You might have seen various rumors centered around the 900P lately. The first is that the 900P was to supposedly support PCIe 4.0. This is not true, and after digging back a bit appears to be a foreign vendor mistaking / confusing PCIe X4 (4 lanes) with the recently drafted PCIe 4.0 specification. Another set of rumors centered around pre-order listings and potential pricing for the 280 and 480 GB variants of the 900P. We are happy to report that those prices (at the time of this writing) are way higher than Intel’s stated MSRP's for these new models. I’ll even go as far as to say that the 480GB model can be had for less than what the 280GB model is currently listed for! More on that later in the review.
Performance specs are one place where the rumors were all true, but since all the folks had to go on was a leaked Intel press deck slide listing figures identical to the P4800X, we’re not really surprised here.
Lots of technical stuff above, but the high points are <10us typical latency (‘regular’ SSDs run between 60-100us), 2.5/2.0 GB/s sequential reads/writes, and 550k/500k random read/write performance. Yes I know, don’t tell me, you’ve seen higher sequentials on smaller form factor devices. I agree, and we’ve even seen higher maximum performance from unreleased 3D XPoint-equipped parts from Micron, but Intel has done what they needed to do in order to make this a viable shipping retail product, which likely means sacrificing the ‘megapixel race’ figures in favor of offering the lowest possible latencies and best possible endurance at this price point.
Packaging is among the nicest we’ve seen from an Intel SSD. It actually reminds me of how the Fusion-io ioDrives used to come.
Also included with the 900P is a Star Citizen ship. The Sabre Raven has been a topic of gossip and speculation for months now, and it appears to be a pretty sweet looking fighter. For those unaware, Star Citizen is a space-based MMO, and with a ‘ship purchase’ also comes a license to play the game. The Sabre Raven counts as such a purchase and apparently comes with lifetime insurance, meaning it will always be tied to your account in case it gets blown up doing data runs. Long story short, you get the game for free with the purchase of a 900P.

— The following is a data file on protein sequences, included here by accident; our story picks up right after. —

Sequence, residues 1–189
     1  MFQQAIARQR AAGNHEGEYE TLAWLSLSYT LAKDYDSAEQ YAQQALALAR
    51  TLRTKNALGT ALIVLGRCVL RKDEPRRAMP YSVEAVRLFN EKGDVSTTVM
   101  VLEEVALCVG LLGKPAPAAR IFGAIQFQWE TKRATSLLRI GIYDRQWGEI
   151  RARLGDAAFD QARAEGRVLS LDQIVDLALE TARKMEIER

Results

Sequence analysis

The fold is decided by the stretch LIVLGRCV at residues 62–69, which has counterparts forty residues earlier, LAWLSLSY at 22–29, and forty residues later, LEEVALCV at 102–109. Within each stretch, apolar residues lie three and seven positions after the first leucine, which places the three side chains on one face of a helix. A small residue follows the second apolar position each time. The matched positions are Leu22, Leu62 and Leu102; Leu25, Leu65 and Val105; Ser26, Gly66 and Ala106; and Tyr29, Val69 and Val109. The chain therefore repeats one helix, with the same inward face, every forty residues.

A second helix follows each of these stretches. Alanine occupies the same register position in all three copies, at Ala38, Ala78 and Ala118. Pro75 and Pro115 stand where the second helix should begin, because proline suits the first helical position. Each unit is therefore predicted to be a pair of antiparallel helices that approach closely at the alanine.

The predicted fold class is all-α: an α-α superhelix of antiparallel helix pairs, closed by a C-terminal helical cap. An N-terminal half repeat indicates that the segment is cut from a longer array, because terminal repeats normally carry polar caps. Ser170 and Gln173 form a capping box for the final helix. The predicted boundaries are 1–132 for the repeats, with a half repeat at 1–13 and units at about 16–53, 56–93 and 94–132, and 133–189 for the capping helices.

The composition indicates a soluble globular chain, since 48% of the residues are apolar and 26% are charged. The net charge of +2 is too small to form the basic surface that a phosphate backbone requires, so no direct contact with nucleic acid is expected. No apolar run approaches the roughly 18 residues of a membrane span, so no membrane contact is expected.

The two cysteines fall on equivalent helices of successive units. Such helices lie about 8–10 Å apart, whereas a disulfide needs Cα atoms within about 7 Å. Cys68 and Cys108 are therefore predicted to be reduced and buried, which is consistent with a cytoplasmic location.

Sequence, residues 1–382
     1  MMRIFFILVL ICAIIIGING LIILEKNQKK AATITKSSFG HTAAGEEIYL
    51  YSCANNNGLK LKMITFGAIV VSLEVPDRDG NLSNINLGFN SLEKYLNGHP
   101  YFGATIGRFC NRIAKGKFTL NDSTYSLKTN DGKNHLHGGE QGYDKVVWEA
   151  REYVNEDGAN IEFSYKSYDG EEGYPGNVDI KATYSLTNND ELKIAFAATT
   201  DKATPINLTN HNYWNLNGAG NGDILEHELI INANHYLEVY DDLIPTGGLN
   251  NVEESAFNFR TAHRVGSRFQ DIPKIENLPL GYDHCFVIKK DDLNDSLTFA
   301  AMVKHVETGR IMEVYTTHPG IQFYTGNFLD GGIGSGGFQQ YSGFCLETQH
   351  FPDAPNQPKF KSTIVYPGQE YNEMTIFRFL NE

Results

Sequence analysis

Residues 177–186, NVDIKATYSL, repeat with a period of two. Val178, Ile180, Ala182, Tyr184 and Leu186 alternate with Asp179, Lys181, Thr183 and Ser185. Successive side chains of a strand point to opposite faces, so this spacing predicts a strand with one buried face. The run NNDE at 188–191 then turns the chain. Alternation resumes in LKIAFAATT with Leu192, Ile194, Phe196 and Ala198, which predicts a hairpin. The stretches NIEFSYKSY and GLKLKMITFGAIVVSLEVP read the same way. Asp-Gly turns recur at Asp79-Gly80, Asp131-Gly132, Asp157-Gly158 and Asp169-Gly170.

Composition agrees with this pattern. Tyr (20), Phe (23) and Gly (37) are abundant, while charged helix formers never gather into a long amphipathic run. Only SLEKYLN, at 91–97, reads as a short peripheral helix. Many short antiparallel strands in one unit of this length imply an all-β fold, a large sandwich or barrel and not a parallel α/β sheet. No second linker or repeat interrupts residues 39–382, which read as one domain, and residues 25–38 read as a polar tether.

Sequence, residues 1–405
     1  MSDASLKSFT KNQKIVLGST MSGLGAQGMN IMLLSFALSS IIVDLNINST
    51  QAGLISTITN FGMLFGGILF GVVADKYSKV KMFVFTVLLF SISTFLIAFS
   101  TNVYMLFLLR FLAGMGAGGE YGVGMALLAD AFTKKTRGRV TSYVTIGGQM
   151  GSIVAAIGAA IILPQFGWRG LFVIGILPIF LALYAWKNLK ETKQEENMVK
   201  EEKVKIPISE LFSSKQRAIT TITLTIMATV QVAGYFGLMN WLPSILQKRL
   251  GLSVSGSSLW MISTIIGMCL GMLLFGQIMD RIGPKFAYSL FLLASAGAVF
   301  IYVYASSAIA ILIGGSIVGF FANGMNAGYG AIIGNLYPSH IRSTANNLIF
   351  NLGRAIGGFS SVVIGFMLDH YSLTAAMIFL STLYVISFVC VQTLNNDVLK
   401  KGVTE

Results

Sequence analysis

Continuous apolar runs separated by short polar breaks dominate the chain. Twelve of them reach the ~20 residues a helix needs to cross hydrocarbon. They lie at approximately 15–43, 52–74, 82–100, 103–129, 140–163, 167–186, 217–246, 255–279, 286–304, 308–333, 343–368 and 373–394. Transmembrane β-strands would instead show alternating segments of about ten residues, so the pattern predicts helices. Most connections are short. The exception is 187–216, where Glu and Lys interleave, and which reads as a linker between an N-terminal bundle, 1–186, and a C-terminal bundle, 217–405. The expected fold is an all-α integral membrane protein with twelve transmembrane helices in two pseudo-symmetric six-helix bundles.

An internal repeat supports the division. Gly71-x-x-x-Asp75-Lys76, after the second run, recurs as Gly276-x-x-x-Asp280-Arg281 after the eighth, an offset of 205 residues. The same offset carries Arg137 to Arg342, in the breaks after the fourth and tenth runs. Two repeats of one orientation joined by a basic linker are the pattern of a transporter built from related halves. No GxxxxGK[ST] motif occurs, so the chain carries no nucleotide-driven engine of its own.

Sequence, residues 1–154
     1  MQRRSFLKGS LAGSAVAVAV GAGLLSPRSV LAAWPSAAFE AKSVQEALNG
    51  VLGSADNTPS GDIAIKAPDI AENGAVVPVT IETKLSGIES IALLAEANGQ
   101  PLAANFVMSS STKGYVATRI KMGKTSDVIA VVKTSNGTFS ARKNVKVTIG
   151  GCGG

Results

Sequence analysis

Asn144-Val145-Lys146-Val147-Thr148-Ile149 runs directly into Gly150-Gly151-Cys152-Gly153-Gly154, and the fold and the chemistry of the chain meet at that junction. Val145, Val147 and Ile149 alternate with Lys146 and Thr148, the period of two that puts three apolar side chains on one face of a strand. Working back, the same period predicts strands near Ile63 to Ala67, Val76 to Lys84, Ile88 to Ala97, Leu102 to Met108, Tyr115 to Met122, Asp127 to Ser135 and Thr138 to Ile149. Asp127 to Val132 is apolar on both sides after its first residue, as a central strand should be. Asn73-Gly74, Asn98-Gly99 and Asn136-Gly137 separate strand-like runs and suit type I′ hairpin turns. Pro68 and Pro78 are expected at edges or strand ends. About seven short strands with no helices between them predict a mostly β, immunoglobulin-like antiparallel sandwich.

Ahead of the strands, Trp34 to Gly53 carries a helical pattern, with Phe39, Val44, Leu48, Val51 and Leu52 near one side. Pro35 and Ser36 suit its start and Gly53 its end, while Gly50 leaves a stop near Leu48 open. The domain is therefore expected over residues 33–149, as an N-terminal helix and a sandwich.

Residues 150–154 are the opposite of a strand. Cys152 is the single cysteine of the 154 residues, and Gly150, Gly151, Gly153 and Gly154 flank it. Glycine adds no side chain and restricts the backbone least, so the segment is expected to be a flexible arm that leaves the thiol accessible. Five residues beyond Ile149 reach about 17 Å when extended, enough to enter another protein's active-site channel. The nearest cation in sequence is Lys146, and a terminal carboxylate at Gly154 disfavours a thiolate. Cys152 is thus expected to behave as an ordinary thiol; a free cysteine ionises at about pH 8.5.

Subject: Storage | October 4, 2017 - 09:24 PM | Allyn Malventano
Tagged: x299, VROC, skylake-x, RAID-0, Optane, Intel, bootable, boot
We've been playing around a bit with Intel VROC lately. This new tech lets you create a RAID of NVMe SSDs connected directly to newer Intel Skylake-X CPUs, without the assistance of any additional chipset or other RAID controlling hardware on the X299 platform. While the technology is not fully rolled out, we did manage to get it working and test a few different array types as a secondary volume. One of the pieces of conflicting info we had been trying to clear up was can you boot from a VROC array without the currently unobtanium VROC key...
Well, it seems that question has been answered with our own tinkering. While there was absolutely no indication in the BIOS that our Optane Memory quad RAID-0 was bootable (the array is configurable but does not appear in the bootable devices list), I'm sitting here looking at Windows installed directly to a VROC array!
Important relevant screenshots below:
For the moment this will only work with Intel SSDs, but Intel's VROC FAQ states that 'selected third-party SSDs' will be supported, but is unclear if that includes bootability (future support changes would come as BIOS updates since they must be applied at the CPU level). We're still digging into VROC as well as AMD's RAID implementation. Much more to follow, so stay tuned!
We've been hearing about Intel's VROC (NVMe RAID) technology for a few months now. ASUS started slipping clues in with their X299 motherboard releases starting back in May. The idea was very exciting, as prior NVMe RAID implementations on Z170 and Z270 platforms were bottlenecked by the chipset's PCIe 3.0 x4 DMI link to the CPU, and they also had to trade away SATA ports for M.2 PCIe lanes in order to accomplish the feat. X99 motherboards supported SATA RAID and even sported four additional ports, but they were left out of NVMe bootable RAID altogether. It would be foolish of Intel to launch a successor to their higher end workstation-class platform without a feature available in two (soon to be three) generations of their consumer platform.
To get a grip on what VROC is all about, lets set up some context with a few slides:
First, we have a slide laying out what the acronyms mean:
- VROC = Virtual RAID on CPU
- VMD = Volume Management Device
What's a VMD you say?
...so the VMD is extra logic present on Intel Skylake-SP CPUs, which enables the processor to group up to 16 lanes of storage (4x4) into a single PCIe storage domain. There are three VMD controllers per CPU.